Some countries do not recognize that people are fully vaccinated if they have received two different doses of the vaccine and will require them to self-quarantine upon entry. On Monday, the Quebec government announced it would offer an additional dose of an mRNA vaccine to people who want it for travel.
Dr. Joss Reimer, medical lead for the Manitoba Immunization Task Force, said she recognized that refusal to recognize mixed vaccine doses could be a barrier for some.
But there is no clear medical benefit to receiving a third dose, so Manitoba will not provide them, she said at a press conference on Wednesday.
She said she expects countries to likely start easing those restrictions as time goes by and begin to recognize mixed doses of vaccines.
“It makes sense to be cautious and very limited in eligibility when we just open things up for the first time,” she said.
“But as we all learn globally together, we expect that to change over time. “
Manitoba recently recommended that people receive the same vaccine for both doses when possible, but allowed people to mix the types of vaccines they receive in order to get more people vaccinated completely faster.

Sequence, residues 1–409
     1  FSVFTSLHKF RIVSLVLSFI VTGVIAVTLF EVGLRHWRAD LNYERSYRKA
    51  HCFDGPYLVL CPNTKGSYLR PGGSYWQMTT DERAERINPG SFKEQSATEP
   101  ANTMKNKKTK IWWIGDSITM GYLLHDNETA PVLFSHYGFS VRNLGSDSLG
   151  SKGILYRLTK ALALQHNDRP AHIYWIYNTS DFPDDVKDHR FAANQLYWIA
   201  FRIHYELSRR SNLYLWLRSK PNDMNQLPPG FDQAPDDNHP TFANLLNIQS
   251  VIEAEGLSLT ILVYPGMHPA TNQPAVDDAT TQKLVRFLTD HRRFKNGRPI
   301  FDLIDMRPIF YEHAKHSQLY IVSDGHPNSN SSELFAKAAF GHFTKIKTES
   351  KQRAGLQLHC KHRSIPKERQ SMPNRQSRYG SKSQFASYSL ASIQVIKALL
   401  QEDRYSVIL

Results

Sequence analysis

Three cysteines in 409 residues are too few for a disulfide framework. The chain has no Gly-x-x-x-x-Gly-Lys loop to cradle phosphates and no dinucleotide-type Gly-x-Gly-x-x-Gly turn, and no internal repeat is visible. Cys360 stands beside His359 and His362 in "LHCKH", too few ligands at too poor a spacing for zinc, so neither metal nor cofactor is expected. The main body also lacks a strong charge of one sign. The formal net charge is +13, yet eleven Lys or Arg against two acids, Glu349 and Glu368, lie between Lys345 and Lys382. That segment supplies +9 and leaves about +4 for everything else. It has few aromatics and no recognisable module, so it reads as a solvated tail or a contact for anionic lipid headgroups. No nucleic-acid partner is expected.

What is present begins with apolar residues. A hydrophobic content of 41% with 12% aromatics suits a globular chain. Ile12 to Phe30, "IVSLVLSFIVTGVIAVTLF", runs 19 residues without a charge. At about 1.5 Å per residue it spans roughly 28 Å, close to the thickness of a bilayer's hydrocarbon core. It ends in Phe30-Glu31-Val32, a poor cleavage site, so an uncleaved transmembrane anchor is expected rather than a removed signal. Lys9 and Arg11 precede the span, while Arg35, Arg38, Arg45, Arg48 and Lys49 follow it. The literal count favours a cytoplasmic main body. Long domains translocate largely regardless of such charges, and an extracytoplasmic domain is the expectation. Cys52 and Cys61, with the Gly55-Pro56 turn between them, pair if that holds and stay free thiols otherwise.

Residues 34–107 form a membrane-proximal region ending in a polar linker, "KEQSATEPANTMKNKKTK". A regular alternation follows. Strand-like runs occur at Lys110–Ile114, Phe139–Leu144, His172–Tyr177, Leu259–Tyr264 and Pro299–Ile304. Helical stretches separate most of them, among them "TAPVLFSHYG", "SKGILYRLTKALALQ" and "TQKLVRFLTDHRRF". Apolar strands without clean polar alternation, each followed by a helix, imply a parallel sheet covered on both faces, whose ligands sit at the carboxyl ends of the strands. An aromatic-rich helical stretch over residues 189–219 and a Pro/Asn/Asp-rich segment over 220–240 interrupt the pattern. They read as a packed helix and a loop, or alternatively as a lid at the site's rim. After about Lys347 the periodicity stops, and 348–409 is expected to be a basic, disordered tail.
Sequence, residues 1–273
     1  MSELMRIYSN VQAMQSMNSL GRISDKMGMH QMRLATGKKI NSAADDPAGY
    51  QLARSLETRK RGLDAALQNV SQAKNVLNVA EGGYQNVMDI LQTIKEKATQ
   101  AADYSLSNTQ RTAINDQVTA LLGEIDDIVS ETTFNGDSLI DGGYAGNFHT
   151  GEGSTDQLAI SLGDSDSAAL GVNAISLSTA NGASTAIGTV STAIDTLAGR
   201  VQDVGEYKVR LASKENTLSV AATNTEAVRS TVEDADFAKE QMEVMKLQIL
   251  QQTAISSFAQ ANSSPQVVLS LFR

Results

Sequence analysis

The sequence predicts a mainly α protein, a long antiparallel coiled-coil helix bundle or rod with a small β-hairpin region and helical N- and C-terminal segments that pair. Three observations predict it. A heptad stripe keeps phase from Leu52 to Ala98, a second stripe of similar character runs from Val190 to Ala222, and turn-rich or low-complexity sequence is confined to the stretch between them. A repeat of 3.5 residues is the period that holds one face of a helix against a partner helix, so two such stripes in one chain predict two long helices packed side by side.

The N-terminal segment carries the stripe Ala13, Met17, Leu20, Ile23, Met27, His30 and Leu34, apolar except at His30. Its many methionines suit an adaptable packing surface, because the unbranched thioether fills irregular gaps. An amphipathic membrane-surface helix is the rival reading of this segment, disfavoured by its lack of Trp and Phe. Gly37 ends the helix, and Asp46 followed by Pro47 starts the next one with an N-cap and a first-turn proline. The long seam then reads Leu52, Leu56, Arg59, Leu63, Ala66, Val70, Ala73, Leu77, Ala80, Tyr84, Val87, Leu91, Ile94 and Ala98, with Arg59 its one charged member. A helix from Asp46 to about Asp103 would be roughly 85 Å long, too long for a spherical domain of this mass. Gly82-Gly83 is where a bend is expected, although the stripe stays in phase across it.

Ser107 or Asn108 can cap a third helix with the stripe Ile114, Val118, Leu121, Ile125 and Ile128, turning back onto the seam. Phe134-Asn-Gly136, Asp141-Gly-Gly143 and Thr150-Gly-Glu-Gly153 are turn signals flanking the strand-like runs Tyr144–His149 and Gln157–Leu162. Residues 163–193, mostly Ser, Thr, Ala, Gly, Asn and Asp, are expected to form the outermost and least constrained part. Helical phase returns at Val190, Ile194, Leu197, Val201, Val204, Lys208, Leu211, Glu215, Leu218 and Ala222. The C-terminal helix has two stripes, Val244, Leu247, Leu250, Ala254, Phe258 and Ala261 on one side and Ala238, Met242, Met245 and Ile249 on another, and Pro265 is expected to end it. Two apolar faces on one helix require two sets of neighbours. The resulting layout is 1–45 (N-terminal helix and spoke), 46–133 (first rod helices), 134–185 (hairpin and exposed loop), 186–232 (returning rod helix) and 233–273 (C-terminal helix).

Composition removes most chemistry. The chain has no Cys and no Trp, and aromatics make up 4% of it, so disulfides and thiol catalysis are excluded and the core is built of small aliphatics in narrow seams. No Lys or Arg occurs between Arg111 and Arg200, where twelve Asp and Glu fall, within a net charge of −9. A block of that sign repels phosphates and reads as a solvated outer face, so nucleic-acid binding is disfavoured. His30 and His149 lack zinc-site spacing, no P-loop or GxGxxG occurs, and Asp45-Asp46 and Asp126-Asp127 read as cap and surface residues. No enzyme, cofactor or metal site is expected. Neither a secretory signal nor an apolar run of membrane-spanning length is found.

This spring, the province suspended administration of the first doses of the AstraZeneca-Oxford vaccine due to supply issues and concerns about blood clots. He reserved some of that vaccine for the second doses, but the province recommended the second doses of Pfizer-BioNTech or Moderna for those who received AstraZeneca first.
Reimer said the province would consider offering third doses of a COVID-19 vaccine if new evidence shows it has a clear benefit.
“In the absence of a clear benefit, we cannot recommend a third dose to individuals for whom we know there is a very low – but not zero – risk associated with each dose of the vaccine,” she said. declared.
But if more countries do not recognize mixed vaccines, “we will have to review and determine whether the risk to the individual can be worth it for the benefit of being able to travel.”